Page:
Futures Thinker Bio: Kristie Smith
Kristie Smith, a 22-year-old recent graduate of MSU-Northern is a NARFI Futures Thinker. With a mini-grant from NARFI, Kristie spent three days learning about wind energy and deepening her interest in biodiesel fuels.
A December 2002 graduate in business and agriculture now working at US Bank in Havre, Kristie's senior project at MSU-N was an in-depth study to recommend location of a biodiesel plant on the Hi-Line. Taking into account prime growing conditions and best locations for oil seed crops in the area, potential support for and from the local community, transportation costs and transport hub location, Kristie's group identified Shelby, Montana as an ideal location for a biodiesel plant.
Her project on biodiesel fuel piqued her interest in wind energy and the Secretary of State's "Energy from the Farm" Bus Tour and NARFI's mini-grant gave her the opportunity to think about both for rural sustainability. "US Bank has a department that specializes in biodiesel,..maybe I'll be able to refer business to them."
Kristie hails from a family ranch in Lewistown, Montana that was founded in 1882 by her great, great grandfather. Today, with her parents, younger sister and brother, the Smith's have 300 head of cattle, raise their own hay and have some grain. "I think that my brother will continue with the ranch. He'd make a great rancher!"
Kristie Smith's Bus Tour Report
Wind is a very powerful energy resource. So powerful, it can help generate one megawatt of electricity in one hour. It is also a clean renewable resource. As anyone who lives along the Hi-Line knows, it does not look like we will run out of wind any time soon.
Wind Farms, as these wind-generating facilities are called, have numerous turbines to produce power. The wind farm located in Carbon County Wyoming has turbines that produce from 650 kilowatts to 1 megawatt. There are 183 turbines in all. One might think that having that many turbines in an area would cause problems, like chasing wildlife and cattle away, or being very noisy. In fact, there are antelope and cattle around the base of the turbines and the turbines are actually quiet. They basically sound like the wind.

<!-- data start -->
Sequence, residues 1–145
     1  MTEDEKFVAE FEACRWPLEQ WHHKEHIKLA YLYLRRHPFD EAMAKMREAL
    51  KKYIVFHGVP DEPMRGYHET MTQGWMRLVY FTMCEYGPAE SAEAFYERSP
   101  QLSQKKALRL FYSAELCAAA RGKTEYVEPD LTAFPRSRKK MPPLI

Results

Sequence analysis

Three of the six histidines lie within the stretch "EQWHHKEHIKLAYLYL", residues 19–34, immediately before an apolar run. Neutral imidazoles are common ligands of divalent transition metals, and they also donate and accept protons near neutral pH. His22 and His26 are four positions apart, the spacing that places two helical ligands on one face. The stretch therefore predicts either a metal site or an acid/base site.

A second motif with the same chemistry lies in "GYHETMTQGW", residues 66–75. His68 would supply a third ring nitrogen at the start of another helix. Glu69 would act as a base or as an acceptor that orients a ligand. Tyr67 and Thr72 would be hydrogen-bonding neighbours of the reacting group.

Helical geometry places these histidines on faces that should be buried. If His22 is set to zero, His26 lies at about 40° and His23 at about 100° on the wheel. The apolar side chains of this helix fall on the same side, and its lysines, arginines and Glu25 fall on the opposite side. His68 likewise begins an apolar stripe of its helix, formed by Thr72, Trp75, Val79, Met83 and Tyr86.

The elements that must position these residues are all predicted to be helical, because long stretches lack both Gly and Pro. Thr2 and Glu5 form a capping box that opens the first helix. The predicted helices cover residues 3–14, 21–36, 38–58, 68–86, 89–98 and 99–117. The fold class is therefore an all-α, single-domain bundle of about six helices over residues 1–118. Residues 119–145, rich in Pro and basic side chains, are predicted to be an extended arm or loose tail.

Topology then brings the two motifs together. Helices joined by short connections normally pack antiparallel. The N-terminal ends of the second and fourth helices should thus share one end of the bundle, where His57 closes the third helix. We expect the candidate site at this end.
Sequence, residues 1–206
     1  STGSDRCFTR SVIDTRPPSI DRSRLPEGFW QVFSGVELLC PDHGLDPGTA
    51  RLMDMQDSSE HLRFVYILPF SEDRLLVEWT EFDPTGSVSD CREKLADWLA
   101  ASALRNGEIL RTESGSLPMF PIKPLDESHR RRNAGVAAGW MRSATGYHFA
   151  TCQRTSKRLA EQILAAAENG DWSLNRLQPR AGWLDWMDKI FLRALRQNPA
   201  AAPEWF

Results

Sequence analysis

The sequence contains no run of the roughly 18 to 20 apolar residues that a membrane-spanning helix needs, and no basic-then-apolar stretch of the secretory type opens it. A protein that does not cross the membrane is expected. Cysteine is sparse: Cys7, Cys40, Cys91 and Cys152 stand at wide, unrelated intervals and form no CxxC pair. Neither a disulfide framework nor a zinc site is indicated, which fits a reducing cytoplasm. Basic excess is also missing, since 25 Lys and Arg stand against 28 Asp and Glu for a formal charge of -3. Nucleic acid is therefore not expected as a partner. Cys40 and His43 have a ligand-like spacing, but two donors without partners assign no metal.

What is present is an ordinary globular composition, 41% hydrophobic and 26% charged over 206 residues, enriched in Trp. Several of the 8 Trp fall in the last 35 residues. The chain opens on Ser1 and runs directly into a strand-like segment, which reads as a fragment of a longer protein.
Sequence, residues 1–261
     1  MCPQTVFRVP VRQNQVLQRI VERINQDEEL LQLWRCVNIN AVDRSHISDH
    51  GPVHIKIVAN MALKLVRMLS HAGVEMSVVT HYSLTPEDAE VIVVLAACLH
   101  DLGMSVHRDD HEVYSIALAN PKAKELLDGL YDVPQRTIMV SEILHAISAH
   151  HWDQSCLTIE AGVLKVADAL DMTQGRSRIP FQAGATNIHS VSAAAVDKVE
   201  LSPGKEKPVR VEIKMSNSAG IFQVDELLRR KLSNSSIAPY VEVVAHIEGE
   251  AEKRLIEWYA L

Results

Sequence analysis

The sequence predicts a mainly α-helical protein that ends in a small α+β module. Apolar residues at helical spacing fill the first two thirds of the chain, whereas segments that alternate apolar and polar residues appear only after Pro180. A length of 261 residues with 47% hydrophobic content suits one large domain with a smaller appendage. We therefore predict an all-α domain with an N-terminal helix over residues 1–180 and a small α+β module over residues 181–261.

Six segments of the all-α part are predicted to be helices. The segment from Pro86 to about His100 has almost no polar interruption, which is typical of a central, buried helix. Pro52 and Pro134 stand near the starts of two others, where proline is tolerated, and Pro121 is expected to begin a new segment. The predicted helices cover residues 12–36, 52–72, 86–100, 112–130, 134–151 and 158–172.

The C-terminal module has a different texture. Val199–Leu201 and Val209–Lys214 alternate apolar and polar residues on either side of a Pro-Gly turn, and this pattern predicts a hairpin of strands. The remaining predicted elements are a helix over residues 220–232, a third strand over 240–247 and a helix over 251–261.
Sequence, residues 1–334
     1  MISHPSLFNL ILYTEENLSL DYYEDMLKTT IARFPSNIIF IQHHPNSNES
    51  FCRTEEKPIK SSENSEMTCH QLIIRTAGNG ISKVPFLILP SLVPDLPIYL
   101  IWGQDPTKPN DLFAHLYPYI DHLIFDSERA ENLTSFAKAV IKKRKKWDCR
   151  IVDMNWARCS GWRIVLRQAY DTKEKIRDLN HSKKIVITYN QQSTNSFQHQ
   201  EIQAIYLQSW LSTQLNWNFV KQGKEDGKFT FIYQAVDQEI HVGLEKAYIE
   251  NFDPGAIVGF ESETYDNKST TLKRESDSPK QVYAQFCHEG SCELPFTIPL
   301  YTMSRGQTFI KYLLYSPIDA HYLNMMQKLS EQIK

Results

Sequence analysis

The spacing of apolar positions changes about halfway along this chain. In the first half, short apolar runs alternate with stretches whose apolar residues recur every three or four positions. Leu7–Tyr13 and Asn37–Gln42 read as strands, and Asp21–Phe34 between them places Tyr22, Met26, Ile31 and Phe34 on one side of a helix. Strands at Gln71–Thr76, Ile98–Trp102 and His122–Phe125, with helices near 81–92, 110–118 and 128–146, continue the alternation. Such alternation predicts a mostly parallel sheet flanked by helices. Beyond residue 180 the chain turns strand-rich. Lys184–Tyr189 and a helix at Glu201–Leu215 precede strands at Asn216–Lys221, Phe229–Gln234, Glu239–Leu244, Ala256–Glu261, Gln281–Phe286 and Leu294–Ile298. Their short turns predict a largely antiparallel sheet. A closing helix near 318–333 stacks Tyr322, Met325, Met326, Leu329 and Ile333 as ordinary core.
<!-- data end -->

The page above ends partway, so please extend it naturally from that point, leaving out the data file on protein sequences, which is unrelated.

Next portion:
|Futures Thinker Kristie Smith reviews Montana Wind Map with NARFI Director Timlynn Babitsky following Kristie's return from the Energy From the Farm Bus Tour hosted by Montana Secretary of State Bob Brown.
Developing wind farms brings many economic development opportunities and rural development possibilities. Montana has excellent wind harvesting potential, it is just a matter of getting everything in order to start harvesting this natural resource. Even though it would take some time and energy, Montana could really benefit from having a wind farm located within its borders.
Another renewable resource that Montana could benefit from is biodiesel. Biodiesel is make from oil, which could come from crops grown in Montana and could benefit the area farmers. Ethanol is also a great alternative fuel. Both of these fuels are cleaner burning so they are better for both the environment and for anyone that is around exhaust. Yellowstone National Park has the largest tank of biodiesel in the area. All of their diesel engines run on biodiesel and they try to use ethanol in as many of their gas engine vehicles as possible.
After being on a tour that Secretary of State Bob Brown sponsored, I am a believer in wind energy and biodiesel.
The tour originated in Helena. We traveled to Bozeman and heard a speech from Dr. Charles Flynn from the Eastern Montana Agricultural Research Center located in Sidney. Dr. Flynn spoke about how they are working to develop the best oil seed crop varieties to produce the best biodiesel.
We traveled on to Gardiner and on the way, we heard a speech from Terry Goerger from the National Biodiesel Board. Mr. Goerger told us of the marketing that is going on for biodiesel and of all the benefits. He said that he runs biodiesel in all the diesel engines on his farm and is impressed by the effects. He has not lost power and his fuel systems are much cleaner. Once in Gardiner, we saw the fuel tank that Yellowstone National Park uses to store their biodiesel and we watched a demonstration of how they fuel their vehicles with the biodiesel. We even traveled on a bus that ran on biodiesel, which is noticeably cleaner burning and it smelled much better than regular diesel fuel.